The battle for the higher ground in the Brexit negotiations has begun and the main protagonists have definitely come out fighting. Langdon’s Customs Manager Dave Bradbury examines the current position and what the future might hold…
Article 50 has been invoked and Brexit means Brexit. But what if Brexit wasn’t Brexit?
Firstly, is there a way of backing out now Article 50 has been invoked? There is no text to support this but neither is there any text to deny it. So, what if the position were to be reversed? There would be the question of the mechanism that could allow this to happen and what level of voting or ratification would be required.
The EU employs three levels of voting and ratification:
- A Qualified Majority– 15 Member States in favour representing 65% of more of the population of the EU plus a simple majority of MEPs.
- A Reinforced Qualified Majority– 20 Member States in favour representing 65% of more of the population of the EU plus a simple majority of MEPs.
- Where mixed competencies are concerned– When both the Member State and the EU are responsible and have obligations additionally ratification by all 27 Member States Parliaments is required.
Brexit, of course, means a great deal for the UK but not so for the EU. The main concern of the 27 is now to preserve their unity and prevent further destabilisation. The primary focus at present is on the France and German elections and cementing what’s seen as the primary relationship and moving force in the EU. There is also currently a lack of political will in the UK to change the position and it’s therefore unlikely that the Article 50 process would be reversed.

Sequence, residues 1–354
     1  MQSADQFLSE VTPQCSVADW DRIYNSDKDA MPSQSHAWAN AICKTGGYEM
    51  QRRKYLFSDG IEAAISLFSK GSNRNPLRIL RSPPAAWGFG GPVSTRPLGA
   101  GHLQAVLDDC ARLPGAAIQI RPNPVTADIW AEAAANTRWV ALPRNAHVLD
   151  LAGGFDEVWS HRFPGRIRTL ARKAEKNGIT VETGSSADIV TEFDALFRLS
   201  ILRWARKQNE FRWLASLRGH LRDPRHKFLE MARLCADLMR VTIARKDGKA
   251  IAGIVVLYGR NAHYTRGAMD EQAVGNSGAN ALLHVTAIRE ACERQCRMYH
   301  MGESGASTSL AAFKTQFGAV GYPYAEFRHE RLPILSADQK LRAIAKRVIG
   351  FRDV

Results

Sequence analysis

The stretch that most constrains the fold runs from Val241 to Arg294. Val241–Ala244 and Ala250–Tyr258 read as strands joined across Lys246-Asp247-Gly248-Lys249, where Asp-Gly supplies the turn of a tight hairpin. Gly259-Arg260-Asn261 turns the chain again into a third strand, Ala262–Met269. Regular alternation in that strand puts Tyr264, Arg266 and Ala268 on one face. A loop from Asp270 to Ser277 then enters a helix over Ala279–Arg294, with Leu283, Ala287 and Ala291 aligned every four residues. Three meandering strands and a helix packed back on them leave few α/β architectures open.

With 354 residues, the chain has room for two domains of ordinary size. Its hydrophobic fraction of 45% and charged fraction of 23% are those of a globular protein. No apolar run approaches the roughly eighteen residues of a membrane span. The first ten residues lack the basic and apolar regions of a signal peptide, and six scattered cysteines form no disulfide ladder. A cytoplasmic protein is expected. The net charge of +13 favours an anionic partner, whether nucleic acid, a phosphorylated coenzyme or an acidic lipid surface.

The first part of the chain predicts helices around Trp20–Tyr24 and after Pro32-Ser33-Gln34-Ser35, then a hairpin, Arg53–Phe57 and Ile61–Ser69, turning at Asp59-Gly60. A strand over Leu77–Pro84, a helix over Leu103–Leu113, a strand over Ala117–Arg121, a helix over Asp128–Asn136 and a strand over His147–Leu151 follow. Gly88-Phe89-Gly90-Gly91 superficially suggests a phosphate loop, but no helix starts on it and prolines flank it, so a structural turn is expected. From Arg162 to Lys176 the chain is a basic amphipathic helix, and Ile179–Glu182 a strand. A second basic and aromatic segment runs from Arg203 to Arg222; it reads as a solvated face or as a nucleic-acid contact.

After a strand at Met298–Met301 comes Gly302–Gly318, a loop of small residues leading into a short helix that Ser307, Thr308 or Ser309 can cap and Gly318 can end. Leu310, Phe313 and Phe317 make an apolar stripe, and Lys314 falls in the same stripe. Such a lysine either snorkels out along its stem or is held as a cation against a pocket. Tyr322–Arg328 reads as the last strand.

So what are the options for the UK at present?
The current EU position is that any negotiations should be linear and, until the withdrawal is complete, the UK must not seek to enter into any trade negotiations with non-EU countries. Neither should the UK approach individual Member States about trade or other market matters post-Brexit. The withdrawal negotiation should be completed and agreed before any transitional agreement for trade and other matters can be discussed and this concluded before any long-term trade deal can be negotiated.
The UK’s position is that negotiations should proceed concurrently on all these aspects. This cannot be forced as under the Article 50 provisions the UK has no defined role or voice in the withdrawal process. That said, there have been indications that, if there is agreement in principle to the withdrawal process and conditions by autumn this year, then the EU would begin to explore a transitional agreement with the UK to apply post-Brexit.
There are already some points of contention relating to the negotiation and acceptance of any transitional agreement. Currently, it’s proposed that agreement is likely to require a Reinforced Qualified Majority plus Ratification by the 27 Member States. This gives the potential for a regional administration in some Member States to block it in the same way as occurred when the Canada CETA proposal was proposed for Ratification.
Another is the question of the withdrawal payment and the EU requirement to agree this before talks begin. It’s currently proposed that the ECJ is appointed as arbitrator in these or other matters but whether this is acceptable to both the UK and EU is unclear.
Is no deal better than a bad deal?
Currently, research makes it clear is that it’s in everyone’s interest to agree a deal in the short and long term. However, although the belief that there can be no politics without economics and no economics without politics is not universally accepted, in the case of Brexit it most certainly does apply.